Its not readily apparent why KCTS should be devoting its energies now to the new technology. At a recent conference of public TV stations, Clark declared, In order to remain competitive in this rapidly changing digital environment, we must act quickly and decisively. We have no other choice, unless we want to become obsolete. Yet if theres anything that has not been occurring rapidly, it is the movement of conventional broadcast TV to digital, a transition that has been studied and argued about by both industry and government for the better part of a decade now. The FCC has still not decided on a standard for digital transmission and recently delayed a decision yet again to entertain concerns from Microsoft and other computer giants. The transition to digital television could still take a decade or more. That makes it difficult to understand why KCTS should be out in front, especially since its preteen and senior-age viewers dont tend to be the early adopters of new technology.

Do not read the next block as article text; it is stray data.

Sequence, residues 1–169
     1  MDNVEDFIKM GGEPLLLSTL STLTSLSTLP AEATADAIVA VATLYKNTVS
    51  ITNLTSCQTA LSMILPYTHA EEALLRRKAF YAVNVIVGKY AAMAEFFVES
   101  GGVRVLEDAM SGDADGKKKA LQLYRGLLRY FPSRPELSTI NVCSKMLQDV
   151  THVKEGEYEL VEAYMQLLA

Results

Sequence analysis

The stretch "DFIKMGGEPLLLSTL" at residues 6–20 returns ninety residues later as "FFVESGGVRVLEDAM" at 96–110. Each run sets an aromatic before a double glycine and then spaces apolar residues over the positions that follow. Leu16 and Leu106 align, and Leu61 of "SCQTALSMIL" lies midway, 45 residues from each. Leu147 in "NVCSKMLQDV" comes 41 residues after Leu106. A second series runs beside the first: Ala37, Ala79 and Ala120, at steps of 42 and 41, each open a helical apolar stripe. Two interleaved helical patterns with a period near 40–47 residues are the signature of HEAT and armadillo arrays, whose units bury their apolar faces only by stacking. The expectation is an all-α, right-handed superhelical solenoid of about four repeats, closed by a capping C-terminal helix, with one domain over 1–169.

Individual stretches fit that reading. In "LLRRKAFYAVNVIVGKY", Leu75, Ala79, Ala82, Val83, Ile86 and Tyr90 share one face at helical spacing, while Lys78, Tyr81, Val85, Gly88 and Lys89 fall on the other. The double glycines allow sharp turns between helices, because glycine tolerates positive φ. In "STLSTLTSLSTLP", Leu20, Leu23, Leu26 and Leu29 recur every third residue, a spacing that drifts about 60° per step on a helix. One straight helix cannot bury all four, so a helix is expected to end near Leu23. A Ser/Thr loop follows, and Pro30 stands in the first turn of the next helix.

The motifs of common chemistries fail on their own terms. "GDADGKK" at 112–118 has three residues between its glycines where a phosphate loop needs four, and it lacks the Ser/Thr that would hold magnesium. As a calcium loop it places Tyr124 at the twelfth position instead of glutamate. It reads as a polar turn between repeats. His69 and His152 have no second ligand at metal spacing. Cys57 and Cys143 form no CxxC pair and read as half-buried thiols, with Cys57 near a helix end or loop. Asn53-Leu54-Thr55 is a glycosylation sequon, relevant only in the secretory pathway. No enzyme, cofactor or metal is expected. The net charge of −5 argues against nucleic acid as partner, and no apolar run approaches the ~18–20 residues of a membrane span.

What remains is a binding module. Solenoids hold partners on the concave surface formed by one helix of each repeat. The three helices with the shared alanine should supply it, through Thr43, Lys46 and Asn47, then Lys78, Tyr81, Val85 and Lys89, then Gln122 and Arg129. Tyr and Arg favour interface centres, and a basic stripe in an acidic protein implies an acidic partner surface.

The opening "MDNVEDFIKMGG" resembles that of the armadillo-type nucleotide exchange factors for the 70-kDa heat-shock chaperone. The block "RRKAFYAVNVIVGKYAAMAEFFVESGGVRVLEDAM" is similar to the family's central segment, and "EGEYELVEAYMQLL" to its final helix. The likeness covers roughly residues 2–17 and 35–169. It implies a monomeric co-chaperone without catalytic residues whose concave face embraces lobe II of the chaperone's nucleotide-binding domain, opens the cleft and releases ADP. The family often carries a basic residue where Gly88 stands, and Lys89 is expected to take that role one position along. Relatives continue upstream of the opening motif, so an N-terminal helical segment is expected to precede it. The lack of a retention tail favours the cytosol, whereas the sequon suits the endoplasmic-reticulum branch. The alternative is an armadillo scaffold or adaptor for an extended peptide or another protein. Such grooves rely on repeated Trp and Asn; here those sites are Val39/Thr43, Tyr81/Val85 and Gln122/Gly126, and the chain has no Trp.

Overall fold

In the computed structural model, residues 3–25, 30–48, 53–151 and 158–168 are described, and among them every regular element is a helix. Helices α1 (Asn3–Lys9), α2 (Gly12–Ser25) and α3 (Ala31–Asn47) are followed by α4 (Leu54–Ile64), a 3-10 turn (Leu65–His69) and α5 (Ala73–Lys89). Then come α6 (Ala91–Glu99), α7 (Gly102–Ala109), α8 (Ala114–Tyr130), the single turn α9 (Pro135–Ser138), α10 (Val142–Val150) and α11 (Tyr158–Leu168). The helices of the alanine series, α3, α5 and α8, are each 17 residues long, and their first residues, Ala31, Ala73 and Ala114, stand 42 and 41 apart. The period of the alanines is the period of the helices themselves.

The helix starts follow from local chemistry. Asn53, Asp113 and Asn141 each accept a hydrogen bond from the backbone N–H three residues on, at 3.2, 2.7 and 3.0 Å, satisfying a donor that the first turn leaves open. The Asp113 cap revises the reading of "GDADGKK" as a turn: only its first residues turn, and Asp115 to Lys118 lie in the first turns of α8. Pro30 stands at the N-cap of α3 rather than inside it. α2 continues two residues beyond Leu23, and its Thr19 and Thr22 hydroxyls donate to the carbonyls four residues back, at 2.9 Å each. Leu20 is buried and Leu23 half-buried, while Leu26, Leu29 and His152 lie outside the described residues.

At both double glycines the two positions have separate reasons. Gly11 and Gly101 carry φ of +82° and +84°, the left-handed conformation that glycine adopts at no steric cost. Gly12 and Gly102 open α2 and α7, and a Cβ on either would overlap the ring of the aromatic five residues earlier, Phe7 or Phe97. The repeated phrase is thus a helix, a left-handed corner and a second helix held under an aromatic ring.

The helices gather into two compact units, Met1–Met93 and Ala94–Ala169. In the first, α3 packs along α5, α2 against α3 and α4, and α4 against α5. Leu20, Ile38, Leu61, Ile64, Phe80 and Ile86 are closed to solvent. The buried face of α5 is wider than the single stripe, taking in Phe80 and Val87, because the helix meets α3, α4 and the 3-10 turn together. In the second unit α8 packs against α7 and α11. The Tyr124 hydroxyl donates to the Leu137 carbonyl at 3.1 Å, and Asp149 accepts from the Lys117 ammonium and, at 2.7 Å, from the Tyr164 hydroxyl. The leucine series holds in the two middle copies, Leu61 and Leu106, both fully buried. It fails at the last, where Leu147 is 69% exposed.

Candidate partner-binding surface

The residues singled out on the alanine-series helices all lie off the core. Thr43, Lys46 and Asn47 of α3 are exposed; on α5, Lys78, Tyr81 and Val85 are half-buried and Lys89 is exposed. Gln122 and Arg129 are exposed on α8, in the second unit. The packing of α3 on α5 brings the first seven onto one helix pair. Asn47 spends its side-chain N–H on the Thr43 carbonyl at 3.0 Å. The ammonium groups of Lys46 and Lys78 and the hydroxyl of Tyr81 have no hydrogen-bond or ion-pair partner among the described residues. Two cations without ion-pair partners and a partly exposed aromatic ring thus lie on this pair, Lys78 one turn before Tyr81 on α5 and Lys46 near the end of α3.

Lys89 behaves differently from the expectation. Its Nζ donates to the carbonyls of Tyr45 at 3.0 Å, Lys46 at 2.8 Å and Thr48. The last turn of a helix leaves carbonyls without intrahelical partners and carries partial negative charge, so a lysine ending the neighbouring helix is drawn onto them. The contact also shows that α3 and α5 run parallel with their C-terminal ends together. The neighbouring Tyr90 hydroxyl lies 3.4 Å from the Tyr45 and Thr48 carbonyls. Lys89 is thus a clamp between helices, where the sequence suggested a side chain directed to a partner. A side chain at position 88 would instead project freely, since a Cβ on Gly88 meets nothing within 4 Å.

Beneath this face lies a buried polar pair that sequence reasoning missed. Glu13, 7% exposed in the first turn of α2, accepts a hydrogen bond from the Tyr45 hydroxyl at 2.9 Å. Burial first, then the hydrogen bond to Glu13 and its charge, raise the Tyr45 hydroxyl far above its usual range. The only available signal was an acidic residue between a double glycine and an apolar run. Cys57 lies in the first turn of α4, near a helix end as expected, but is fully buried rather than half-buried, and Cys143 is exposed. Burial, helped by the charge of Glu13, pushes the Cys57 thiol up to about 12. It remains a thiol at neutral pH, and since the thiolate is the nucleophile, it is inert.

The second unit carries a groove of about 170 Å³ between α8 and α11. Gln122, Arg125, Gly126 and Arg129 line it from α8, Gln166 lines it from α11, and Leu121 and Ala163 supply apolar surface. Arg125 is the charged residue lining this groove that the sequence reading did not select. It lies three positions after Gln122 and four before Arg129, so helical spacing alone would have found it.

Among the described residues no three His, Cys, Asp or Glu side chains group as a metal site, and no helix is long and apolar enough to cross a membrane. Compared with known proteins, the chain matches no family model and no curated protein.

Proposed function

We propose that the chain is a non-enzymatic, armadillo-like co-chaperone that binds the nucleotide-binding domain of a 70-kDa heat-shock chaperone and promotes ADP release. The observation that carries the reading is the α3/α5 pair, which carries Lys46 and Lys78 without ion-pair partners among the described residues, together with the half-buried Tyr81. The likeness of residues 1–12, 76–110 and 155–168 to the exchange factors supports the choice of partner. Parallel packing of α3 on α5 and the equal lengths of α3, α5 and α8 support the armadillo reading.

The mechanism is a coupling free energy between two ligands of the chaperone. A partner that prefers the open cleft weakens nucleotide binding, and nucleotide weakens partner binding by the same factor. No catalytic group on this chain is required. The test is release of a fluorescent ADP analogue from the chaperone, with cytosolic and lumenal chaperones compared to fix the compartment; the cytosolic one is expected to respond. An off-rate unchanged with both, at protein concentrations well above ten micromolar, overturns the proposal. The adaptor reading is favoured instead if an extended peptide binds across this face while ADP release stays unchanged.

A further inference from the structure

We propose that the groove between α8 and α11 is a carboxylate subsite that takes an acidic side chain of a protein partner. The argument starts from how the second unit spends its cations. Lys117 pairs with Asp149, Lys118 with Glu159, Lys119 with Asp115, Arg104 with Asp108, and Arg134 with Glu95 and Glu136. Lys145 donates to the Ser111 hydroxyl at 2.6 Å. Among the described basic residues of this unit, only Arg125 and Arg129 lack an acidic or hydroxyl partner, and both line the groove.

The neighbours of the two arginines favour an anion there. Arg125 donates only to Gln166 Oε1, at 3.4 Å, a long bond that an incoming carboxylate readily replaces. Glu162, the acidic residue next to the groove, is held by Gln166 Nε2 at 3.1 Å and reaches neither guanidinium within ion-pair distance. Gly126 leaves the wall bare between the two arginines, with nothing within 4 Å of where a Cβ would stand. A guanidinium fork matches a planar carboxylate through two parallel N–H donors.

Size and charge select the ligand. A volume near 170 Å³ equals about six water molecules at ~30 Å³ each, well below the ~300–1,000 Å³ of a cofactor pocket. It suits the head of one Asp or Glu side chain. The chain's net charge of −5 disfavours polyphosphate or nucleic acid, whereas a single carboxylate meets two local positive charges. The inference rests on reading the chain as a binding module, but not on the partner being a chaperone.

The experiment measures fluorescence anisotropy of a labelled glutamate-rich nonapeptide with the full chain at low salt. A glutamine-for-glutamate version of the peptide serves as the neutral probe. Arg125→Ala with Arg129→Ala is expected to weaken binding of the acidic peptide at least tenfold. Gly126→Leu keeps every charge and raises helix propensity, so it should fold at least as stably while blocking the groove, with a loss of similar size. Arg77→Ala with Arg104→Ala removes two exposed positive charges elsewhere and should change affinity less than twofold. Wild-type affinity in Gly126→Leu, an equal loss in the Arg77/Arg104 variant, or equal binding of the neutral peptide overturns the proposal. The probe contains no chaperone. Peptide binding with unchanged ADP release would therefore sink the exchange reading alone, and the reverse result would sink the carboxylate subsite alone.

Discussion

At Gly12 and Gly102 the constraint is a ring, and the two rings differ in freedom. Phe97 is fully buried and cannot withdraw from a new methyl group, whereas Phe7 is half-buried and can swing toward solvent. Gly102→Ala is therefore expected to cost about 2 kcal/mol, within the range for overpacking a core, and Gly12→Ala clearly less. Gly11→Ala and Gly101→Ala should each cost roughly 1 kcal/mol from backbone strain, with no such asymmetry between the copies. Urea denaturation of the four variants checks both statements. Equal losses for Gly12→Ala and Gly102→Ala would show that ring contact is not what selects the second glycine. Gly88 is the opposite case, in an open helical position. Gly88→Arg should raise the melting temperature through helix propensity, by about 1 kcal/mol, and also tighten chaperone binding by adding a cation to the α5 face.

With its ability to compress data, digital technology promises to further fragment the media world. The airwaves will open up to many more streams of information and bandwidth will continue to expand everywhere, thereby driving up demand for more stuff to send to consumers down these pipes. Recognizing this, KCTS president Clark is now aiming to make his organization into one that is identified less with some particular spot on the TV dial, and more as an all-around originator of content, wherever that might be found. The creation of content is one of our special strengths, says Clark. We want to be creators of that content, not just for our screens, but for others around the world.